The Oxford dictionary defines trust as the “firm belief in the reliability, truth, ability, or strength of someone or something." A wonderful article on changingminds.org offers multiple interpretations for trust. When considering trust in the digital world, one in particular caught my attention:
“Trust means making an exchange with someone when you do not have full knowledge about them, their intent and the things they are offering to you.”
In the physical world, trust is established based on identity or context, built on familiarity (the frequency of our interactions), and ultimately dependent on experience. Just as importantly, trust is nuanced: We don't trust everyone equally. For example, we trust friends and family more than neighbors or casual acquaintances.
Yet frequently, we have to trust people that we don’t see often, such as doctors, mechanics, and tax accountants. What gives us the confidence to depend on these people? Specifically, how do we know that a doctor is a doctor? Probably, the fact that we can see the doctor is accredited or affiliated with a well-known hospital.
Now let’s contrast how we build trust in the physical world with how we establish trust in the digital world, where we cannot "see" anything. For example, I connect to my bank, my email provider, and to a variety of e-commerce sites—each of which requires me to provide personally identifiable information (PII) and, in some cases, credit card data. I can identify the websites I frequently visit based on the logo, colors, and layout, but attacks like phishing have long since rendered my ability to recognize the "look and feel" of an (online) entity practically useless. Without a tangible identity, there's no way I can build familiarity and hence trust.
How, then, do I know I am connecting to the online service provider that I want to use? Most merchants attempt to solve this problem by using digital certificates to verify their virtual identity. A certificate, much like a credit card or a passport, is issued by a "trusted" authority (a financial or government institution in the real world) and has an associated validity and purpose.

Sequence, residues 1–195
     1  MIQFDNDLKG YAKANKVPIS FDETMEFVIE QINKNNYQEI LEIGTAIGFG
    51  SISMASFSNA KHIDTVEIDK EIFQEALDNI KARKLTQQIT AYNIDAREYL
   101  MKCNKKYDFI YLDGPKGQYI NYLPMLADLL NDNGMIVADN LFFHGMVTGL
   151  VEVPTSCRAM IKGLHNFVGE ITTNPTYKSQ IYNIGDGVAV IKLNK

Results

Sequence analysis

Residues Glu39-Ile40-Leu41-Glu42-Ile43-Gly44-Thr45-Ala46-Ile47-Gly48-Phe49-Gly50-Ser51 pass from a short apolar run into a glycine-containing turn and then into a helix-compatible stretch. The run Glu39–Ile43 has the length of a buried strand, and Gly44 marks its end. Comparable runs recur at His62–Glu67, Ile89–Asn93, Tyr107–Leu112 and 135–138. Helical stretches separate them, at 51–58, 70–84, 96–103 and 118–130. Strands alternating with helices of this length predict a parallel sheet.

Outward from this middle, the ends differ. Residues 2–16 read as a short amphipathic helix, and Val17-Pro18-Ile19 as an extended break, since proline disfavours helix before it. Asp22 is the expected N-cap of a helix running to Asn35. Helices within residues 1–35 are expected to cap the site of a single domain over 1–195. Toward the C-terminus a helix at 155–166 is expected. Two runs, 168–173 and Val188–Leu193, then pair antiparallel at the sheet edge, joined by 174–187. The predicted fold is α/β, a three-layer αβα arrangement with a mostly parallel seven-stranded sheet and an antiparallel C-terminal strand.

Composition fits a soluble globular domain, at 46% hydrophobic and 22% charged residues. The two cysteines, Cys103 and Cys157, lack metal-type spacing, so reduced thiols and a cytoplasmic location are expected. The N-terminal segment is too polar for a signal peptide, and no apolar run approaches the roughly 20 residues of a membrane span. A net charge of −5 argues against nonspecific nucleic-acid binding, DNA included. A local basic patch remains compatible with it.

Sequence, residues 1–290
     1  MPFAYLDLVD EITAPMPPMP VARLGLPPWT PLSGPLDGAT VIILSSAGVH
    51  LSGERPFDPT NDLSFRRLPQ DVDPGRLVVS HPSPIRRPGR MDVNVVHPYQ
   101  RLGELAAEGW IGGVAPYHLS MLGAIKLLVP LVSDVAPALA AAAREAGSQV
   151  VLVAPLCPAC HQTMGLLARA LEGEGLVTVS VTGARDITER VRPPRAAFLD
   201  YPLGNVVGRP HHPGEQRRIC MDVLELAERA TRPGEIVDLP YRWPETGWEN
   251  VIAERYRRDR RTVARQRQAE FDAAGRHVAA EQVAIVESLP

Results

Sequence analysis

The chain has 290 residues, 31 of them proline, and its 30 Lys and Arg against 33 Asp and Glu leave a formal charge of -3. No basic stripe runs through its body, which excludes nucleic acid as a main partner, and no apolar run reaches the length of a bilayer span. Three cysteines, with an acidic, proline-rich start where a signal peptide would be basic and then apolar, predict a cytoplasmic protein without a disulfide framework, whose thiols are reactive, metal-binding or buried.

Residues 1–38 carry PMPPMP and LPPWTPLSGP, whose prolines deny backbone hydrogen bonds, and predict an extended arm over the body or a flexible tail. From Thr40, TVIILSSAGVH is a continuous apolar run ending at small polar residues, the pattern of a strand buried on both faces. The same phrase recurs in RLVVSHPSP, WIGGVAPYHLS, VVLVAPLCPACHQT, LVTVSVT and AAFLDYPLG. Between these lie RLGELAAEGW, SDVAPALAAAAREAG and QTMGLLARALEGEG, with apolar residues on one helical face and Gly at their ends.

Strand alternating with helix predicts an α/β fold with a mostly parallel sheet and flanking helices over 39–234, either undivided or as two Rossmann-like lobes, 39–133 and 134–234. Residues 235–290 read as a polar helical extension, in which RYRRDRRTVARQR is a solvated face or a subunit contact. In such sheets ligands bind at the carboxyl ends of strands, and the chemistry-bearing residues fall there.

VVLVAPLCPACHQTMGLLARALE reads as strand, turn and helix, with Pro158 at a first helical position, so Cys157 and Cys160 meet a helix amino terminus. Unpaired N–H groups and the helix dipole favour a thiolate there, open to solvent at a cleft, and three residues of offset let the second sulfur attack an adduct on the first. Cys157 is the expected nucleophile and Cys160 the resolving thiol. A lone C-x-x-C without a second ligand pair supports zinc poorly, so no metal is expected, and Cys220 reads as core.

The similarities end there, however. Although we can “view” certificates, the attributes that make them unique (and hence, linked irrevocably to a physical entity) can only be "verified" by applications such as a web browser or an email client. Theoretically, then, it should be possible for an application to identify and, over time, trust an entity, shouldn't it?
Not so fast. There are a couple of reasons this isn't practical yet:
Unlike a physical attribute (such as a face, voice, or fingerprint), a digital attribute is inherently transient in nature. The digital "key" that serves as the unique attribute to identify an online entity is valid for a specified period of time and must then be replaced. Periodically replacing a digital key mitigates the risk of the key being duplicated. The more a key is used, the greater the chance it will be compromised. As such, best practices recommend the periodic re-generation of keys. The familiarity with a specific key (sometimes referred to as “certificate pinning”) isn’t particularly useful—especially when the keys themselves get replaced as often as every 90 days.
Digital keys and certificates are being stolen—and increasingly often. Individuals and state-sponsored organizations are targeting them with the specific goal of misrepresenting themselves to steal sensitive information. Given the fact that keys and certificates are the most widely used means for establishing online identity, they are constantly under attack. In a recent survey conducted by The Ponemon Institute100% of respondents (from Global 2000 companies) reported that they have had at least one attack on keys and certificates in the last 2 years.
Unlike the physical world, on the internet, the concept of trust is not as tangible. We cannot establish identity based on sight, and digital keys—the mechanism designed to verify identity and establish trust—are frequently updated, rendering familiarity impractical. Trust must be established every time, and cannot be based upon frequent interactions. Are we, then, limited to placing the same amount of trust in all our online transactions?